Schoolboy narrator Daniel Jordan, growing up in working-class Sydney during the Second World War, is confused by a world in which the religious dogma of his school conflicts with the communism of his family's terrifying neighbour, the 'Comrade'. Refreshingly unsentimental, this is the funny, ultimately tragic story of a boy struggling to understand a world in which concepts like innocence and guilt, good and evil are clearly open to interpretation.
Thomas Keneally began his writing career in 1964 and has published thirty-one novels since. They include Schindler's Ark, which won the Booker Prize in 1982 and was subsequently made into the film Schindler's List, and The Chant Of Jimmie Blacksmith, Confederates and Gossip From The Forest, each of which was shortlisted for the Booker Prize. His most recent novels include The Daughters Of Mars, which was shortlisted for the Walter Scott Prize in 2013, Napoleon's Last Island, Crimes of the Father and The Book of Science and Antiquities. He has also written several works of non-fiction, including his memoir Homebush Boy, Searching for Schindler and Australians. He is married with two daughters and lives in Sydney.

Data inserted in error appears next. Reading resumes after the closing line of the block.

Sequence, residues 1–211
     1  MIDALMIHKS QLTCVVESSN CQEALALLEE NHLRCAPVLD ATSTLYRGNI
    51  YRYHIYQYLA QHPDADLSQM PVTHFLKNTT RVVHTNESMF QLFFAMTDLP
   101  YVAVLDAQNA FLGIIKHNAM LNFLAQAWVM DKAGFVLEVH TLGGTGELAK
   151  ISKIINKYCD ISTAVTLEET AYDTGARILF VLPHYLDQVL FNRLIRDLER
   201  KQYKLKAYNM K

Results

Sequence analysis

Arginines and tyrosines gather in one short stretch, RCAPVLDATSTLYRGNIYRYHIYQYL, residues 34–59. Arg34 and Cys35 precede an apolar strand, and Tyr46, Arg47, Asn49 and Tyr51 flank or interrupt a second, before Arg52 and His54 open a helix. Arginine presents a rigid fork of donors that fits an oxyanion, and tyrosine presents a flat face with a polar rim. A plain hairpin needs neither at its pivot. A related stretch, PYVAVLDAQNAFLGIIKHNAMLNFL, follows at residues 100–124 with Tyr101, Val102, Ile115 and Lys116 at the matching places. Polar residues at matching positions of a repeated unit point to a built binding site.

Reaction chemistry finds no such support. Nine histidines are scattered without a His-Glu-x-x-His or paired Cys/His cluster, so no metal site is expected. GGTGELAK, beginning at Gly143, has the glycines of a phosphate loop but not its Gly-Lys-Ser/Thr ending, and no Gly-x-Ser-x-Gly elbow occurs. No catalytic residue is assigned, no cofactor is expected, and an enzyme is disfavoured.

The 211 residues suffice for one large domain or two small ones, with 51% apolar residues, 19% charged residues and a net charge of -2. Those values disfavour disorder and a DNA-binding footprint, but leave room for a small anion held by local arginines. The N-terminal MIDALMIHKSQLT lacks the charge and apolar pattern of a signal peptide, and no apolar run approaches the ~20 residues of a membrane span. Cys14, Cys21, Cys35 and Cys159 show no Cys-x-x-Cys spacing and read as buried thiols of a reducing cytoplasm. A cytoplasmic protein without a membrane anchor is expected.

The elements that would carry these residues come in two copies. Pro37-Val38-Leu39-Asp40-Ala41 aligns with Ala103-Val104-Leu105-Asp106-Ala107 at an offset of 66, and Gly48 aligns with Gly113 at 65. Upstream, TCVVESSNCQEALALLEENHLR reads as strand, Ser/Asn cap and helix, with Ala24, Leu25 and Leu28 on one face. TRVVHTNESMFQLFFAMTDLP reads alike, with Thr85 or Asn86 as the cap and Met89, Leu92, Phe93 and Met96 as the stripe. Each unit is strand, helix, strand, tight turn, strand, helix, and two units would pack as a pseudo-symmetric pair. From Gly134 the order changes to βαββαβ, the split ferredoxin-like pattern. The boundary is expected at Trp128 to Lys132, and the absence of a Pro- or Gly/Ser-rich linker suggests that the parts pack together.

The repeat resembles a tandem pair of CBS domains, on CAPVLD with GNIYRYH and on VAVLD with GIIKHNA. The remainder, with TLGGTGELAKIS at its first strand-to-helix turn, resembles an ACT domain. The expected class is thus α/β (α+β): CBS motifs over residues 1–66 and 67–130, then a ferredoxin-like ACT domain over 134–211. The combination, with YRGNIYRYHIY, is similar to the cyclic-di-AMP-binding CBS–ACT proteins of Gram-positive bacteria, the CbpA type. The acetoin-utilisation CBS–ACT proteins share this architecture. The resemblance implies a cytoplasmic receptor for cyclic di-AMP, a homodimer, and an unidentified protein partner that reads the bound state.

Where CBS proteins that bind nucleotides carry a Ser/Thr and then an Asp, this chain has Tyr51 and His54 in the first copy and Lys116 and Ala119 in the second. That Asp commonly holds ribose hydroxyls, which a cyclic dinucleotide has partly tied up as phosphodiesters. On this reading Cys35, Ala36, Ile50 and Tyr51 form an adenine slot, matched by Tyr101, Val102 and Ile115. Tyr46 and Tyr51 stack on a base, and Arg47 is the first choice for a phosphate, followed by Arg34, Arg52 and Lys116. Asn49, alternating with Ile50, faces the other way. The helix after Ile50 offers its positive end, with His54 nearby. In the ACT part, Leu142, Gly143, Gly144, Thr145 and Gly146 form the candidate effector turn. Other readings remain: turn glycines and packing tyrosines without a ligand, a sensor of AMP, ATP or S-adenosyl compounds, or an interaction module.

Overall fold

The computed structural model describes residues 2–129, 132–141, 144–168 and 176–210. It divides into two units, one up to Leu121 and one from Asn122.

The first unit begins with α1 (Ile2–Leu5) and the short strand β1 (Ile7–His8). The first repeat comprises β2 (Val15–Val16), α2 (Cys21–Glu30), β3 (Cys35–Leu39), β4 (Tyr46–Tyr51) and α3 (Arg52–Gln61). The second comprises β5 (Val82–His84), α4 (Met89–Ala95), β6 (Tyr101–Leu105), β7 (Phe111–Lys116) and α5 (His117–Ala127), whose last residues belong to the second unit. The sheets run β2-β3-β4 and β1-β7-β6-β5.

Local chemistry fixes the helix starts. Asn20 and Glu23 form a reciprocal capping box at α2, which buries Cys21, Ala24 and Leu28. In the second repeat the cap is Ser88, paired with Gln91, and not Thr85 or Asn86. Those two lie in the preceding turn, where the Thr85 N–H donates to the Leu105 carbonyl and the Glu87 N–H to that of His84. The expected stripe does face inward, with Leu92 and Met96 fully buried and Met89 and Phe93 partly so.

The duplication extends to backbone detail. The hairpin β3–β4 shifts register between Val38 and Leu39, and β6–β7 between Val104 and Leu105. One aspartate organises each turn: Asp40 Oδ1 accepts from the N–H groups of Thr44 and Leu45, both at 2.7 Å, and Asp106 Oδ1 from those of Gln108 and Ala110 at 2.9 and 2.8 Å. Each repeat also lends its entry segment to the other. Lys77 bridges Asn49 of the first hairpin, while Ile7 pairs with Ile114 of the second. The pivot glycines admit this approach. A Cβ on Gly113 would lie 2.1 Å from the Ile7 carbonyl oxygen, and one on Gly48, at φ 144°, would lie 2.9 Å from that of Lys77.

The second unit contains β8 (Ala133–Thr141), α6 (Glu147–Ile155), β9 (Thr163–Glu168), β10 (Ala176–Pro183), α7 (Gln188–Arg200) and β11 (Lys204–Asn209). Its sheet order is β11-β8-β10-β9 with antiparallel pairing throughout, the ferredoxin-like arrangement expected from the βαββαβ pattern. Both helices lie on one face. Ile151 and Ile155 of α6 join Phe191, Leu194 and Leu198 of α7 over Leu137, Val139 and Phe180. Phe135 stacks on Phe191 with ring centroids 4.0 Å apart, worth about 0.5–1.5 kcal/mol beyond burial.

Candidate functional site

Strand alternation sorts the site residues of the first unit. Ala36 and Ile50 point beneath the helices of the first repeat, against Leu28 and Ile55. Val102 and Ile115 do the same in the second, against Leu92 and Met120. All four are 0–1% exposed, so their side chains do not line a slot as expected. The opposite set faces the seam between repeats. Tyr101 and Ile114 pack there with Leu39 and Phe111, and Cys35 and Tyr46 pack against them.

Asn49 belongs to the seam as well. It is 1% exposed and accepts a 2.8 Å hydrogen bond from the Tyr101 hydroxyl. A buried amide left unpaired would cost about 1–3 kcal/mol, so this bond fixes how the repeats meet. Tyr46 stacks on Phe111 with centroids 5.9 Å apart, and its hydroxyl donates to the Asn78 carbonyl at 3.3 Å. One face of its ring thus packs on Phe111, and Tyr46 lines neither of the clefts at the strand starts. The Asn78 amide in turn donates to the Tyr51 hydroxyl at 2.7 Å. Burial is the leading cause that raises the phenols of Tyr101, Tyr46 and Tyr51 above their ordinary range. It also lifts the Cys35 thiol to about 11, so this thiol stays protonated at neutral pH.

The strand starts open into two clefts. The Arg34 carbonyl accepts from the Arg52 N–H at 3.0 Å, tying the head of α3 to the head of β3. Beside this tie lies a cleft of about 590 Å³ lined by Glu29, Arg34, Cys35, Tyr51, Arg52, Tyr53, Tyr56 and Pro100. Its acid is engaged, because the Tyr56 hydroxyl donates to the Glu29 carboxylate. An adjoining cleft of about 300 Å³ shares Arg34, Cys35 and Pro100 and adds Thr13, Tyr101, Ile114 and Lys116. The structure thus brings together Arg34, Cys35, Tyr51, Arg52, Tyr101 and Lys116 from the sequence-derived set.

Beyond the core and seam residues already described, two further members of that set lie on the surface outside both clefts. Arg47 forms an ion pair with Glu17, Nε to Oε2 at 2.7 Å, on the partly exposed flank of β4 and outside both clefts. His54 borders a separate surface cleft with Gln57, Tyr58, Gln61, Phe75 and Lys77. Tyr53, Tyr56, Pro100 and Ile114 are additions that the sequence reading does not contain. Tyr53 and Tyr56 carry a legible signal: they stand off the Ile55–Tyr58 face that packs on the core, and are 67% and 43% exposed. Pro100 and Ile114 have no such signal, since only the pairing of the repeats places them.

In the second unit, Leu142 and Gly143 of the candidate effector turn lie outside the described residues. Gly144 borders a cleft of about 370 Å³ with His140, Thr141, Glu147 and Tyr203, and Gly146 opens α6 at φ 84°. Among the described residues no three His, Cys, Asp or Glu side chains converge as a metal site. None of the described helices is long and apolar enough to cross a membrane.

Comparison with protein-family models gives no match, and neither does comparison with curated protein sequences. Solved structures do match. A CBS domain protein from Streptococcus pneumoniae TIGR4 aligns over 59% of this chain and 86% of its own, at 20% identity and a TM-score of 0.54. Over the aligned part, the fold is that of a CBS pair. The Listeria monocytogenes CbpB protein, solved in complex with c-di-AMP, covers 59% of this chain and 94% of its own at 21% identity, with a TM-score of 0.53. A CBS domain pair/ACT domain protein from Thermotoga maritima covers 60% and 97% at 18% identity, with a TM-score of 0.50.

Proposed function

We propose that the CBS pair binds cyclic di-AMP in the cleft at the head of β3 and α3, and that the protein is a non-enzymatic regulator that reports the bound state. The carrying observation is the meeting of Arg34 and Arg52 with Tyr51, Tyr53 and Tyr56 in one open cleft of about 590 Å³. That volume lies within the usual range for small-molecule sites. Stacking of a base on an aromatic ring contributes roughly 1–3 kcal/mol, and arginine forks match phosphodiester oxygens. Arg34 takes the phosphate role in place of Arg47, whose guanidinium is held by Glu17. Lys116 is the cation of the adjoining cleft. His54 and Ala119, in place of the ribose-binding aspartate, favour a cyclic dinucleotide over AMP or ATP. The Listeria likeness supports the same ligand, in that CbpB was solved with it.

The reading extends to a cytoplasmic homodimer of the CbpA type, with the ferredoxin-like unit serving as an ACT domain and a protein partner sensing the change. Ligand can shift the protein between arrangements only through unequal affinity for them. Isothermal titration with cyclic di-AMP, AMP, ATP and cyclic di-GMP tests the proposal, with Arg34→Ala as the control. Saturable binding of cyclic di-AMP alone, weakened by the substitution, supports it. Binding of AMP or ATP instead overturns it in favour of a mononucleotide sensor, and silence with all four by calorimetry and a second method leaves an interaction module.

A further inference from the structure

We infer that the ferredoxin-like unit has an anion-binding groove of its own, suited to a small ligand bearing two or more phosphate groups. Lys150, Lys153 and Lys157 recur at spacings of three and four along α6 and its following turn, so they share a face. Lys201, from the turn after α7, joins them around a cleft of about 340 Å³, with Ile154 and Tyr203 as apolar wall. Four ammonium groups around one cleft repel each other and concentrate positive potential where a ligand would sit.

A subtle examination of innocence and guilt
Reflects on indoctrination and the holy innocence of its victims, while suffusing everyday life with a spirituality of its own
If you are inclined to avoid anything written by winners of the Booker Prize, make an exception for Thomas Keneally
Reading Keneally's prose is like walking on the sort of turf that puts a spring in your step